Dams, quads, heavy machinery, worksheds, motorbikes and horses: the average Australian farm. For children they offer secret hiding places, imaginary worlds, makeshift play equipment, calls to adventure. But while central to every day farming, these work items can be accidents waiting to happen. Small children are typically mobile, curious and keen to explore. They are unable to foresee hazardous, or even life-threatening consequences. Farms present hazards which are just not seen in urban home environments.
Recent research by AgHealth Australia (previously known as the Australian Centre for Agricultural Health and Safety, based at Dubbo New South Wales within the School of Rural Health, University of Sydney), has shown that the key risks to children on farms are dams, quad bikes, farm vehicles and machinery, motorbikes and horses. While many of the children fatally injured are those who live on the farm, visitors are also at high risk of an accident due to being unaware of the dangers. The study examined data on deaths on farms involving children under 15 years of age in the period from 2000 to 2017.
Drowning is the number one cause of death on a farm for a child under the age of 15 years, with children under five years at highest risk. This is closely followed by accidents involving a quad. While quads appear easy to use, children should not be carried as a passenger on an adult quad under any circumstances and these practices must be discouraged. Kid-sized quads are also dangerous; they can weigh up to 125 kilograms, becoming virtually impossible for a child to get themselves out from under in the event of a rollover.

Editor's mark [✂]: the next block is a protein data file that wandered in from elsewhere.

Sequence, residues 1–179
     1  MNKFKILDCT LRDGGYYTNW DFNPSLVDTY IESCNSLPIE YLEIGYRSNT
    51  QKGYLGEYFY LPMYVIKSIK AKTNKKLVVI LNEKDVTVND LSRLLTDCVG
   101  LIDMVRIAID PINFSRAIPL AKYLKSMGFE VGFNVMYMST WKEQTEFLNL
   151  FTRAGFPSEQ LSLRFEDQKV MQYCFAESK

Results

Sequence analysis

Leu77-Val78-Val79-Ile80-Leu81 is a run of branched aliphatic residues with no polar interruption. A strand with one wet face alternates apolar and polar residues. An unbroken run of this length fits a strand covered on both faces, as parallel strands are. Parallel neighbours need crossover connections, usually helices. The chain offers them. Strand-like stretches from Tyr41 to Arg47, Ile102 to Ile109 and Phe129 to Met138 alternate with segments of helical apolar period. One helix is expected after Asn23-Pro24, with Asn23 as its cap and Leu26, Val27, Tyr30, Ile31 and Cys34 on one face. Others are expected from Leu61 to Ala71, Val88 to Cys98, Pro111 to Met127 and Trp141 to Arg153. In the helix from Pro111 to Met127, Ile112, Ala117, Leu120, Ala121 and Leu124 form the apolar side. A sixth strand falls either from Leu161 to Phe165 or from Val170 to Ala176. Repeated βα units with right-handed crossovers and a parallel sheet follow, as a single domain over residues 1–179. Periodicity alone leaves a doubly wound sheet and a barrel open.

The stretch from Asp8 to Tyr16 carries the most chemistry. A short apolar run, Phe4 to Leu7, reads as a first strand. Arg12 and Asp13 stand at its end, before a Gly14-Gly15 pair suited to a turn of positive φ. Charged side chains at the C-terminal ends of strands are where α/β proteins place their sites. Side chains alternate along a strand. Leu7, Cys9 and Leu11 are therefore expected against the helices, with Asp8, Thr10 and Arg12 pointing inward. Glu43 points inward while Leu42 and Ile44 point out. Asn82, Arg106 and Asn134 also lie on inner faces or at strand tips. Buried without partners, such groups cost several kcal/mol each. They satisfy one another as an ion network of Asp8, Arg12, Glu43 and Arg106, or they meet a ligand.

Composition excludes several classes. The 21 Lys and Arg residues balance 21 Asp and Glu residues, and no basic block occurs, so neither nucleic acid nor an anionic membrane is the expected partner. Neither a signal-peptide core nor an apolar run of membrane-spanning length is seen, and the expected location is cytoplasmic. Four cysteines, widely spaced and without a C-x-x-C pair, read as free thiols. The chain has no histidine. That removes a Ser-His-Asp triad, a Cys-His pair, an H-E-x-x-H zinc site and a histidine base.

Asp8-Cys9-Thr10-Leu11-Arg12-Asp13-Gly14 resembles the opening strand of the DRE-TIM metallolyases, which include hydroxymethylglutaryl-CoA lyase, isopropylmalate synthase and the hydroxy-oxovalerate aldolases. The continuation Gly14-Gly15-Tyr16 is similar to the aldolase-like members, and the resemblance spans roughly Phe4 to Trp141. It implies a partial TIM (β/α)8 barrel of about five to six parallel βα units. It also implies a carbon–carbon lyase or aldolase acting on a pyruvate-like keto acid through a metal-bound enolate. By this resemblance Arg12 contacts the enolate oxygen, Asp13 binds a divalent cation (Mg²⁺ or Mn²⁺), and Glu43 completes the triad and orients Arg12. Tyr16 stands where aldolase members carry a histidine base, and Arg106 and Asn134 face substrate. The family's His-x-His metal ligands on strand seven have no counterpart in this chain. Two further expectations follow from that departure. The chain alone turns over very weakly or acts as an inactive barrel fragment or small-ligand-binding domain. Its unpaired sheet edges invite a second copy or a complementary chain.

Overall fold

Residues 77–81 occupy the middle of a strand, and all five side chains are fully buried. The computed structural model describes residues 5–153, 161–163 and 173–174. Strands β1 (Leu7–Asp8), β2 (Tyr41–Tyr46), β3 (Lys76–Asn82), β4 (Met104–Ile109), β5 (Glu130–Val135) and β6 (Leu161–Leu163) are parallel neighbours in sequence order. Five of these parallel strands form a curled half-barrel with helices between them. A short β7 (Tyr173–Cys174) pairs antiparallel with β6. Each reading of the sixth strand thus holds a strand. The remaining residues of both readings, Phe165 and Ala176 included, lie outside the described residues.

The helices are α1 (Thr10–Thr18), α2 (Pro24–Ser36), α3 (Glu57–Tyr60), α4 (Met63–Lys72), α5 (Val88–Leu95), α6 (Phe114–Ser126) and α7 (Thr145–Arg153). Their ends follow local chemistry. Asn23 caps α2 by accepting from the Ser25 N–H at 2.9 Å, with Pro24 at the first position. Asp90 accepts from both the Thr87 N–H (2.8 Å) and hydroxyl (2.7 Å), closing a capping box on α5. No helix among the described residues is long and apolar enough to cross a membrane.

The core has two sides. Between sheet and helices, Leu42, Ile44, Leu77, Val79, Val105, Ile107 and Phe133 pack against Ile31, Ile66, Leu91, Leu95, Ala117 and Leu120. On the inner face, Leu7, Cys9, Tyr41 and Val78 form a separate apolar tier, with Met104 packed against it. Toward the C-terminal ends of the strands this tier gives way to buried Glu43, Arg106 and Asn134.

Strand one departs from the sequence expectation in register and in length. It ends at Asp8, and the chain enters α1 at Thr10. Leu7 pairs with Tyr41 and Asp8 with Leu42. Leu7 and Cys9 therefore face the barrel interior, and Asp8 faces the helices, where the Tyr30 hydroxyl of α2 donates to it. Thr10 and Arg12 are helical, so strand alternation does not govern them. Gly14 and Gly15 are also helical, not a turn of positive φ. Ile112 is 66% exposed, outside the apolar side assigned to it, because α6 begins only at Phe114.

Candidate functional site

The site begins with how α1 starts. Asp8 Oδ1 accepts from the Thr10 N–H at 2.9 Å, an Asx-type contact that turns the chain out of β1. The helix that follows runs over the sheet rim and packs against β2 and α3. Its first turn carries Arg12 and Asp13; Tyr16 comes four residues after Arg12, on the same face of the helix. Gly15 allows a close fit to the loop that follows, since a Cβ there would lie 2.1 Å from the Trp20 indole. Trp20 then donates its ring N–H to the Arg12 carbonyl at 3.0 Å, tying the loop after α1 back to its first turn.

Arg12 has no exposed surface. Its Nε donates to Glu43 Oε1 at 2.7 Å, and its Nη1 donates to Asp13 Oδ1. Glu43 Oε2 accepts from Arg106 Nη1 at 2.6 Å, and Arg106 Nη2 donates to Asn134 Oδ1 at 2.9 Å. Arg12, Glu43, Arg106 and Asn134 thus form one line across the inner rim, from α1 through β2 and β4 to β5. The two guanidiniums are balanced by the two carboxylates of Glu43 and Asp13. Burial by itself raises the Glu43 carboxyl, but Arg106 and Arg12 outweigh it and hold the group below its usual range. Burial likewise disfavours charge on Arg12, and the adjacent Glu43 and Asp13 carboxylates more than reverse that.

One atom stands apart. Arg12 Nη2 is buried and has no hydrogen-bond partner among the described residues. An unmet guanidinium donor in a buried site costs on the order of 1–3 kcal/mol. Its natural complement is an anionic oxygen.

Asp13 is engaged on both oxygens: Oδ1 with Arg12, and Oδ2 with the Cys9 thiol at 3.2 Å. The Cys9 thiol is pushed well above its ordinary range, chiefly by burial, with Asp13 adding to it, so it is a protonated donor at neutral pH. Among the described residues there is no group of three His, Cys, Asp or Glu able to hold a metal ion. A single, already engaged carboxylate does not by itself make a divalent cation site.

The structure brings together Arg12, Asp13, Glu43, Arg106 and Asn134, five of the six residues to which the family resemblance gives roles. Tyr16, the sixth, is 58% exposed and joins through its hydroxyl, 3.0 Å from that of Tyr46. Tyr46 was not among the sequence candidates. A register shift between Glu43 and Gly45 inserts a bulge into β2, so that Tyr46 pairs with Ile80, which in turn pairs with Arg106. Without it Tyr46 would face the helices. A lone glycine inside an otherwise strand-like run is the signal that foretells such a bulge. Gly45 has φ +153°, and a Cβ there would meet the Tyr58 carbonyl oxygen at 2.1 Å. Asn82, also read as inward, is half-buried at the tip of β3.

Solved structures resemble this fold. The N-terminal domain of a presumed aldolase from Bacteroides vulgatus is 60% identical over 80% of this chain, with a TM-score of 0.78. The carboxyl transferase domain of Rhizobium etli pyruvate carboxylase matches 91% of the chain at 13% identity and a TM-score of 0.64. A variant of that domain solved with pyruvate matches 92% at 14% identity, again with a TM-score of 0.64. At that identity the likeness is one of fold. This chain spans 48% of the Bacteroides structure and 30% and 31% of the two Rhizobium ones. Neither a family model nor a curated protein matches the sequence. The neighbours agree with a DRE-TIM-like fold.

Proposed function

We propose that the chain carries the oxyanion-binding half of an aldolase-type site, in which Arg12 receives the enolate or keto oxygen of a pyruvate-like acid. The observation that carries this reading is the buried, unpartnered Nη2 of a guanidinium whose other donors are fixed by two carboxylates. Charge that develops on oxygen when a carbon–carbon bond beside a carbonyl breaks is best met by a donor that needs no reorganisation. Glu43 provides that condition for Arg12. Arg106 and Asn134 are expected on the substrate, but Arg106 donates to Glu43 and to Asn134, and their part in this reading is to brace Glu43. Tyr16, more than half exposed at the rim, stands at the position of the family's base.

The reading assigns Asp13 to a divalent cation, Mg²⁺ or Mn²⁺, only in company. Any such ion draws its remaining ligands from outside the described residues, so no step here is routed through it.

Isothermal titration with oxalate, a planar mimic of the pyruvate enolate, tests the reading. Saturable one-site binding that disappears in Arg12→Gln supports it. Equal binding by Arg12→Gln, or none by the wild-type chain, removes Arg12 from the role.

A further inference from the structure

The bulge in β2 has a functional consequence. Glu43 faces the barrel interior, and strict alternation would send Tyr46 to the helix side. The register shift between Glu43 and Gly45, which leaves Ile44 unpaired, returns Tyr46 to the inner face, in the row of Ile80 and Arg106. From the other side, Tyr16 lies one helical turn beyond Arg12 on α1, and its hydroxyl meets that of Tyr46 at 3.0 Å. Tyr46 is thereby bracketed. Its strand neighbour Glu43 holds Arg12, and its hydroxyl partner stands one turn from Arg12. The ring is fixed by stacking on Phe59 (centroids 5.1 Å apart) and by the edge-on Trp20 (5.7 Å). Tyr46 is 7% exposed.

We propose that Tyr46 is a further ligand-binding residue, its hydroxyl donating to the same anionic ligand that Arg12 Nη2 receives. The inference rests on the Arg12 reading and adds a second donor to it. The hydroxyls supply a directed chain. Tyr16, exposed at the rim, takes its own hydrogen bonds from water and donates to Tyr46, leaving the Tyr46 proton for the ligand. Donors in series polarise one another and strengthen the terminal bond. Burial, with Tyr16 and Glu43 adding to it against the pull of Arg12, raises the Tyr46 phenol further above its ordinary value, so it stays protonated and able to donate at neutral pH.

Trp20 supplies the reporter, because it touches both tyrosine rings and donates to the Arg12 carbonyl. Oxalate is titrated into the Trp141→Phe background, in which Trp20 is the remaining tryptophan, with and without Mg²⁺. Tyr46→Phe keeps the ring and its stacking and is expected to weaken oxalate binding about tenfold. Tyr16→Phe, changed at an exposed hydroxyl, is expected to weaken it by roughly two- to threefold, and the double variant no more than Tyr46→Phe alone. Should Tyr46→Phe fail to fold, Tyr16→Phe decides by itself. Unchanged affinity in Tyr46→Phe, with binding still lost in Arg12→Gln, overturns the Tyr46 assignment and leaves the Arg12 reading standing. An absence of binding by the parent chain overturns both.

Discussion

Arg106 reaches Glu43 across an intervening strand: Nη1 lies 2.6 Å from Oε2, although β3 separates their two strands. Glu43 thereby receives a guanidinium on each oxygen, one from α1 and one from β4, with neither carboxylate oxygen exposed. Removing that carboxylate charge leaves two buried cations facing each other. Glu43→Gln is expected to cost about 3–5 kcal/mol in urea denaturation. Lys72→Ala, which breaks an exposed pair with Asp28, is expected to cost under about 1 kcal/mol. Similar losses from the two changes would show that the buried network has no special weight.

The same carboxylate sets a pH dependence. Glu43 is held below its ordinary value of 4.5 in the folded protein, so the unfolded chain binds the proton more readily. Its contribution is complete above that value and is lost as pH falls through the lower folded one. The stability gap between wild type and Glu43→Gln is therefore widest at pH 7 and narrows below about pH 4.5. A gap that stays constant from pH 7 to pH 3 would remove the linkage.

Most injuries occurred as the result of a child: falling and being runover as a passenger on agricultural machinery or a farm vehicle; asphyxia due to drowning; or being run over by agricultural machinery or a farm vehicle.
More than half of the children fatally injury on a farm were under five years of age.
One of the most effective ways families can prevent child farm injury is to construct a safe play area separate from the farm work space.
The idea of a safe play area – whether it be the house yard, or in a shady area nearby the house - is simply about constructing a securely fenced area where children can be more easily supervised, and which separates very young children from farm hazards. The physical separation of the small child and the farm workplace acts the same way as a swimming pool fence. It also mentally defines work vs. play spaces for older children.
To assist with keeping kids safe on the farm, some simple yet effective rules are to make sure that children:
• stay in the safe play area unless an adults takes them and looks after them;
• always wear seatbelts in cars, utes and trucks;
• don’t ride on tractors, quads or the back of utes; and
• always wear helmets when riding motorbikes and horses.
On a positive note, the research indicated that the number of unintentional child deaths has fallen since a previous study covering the period 1989-92, however a systematic national injury plan to support child farm safety is required to achieve further reduction.
Kerri-Lynn Peachey presented a paper on Protecting the future: fatal incidents on Australian farms involving children (2001 to 2017) at the 15th National Rural Health Conference.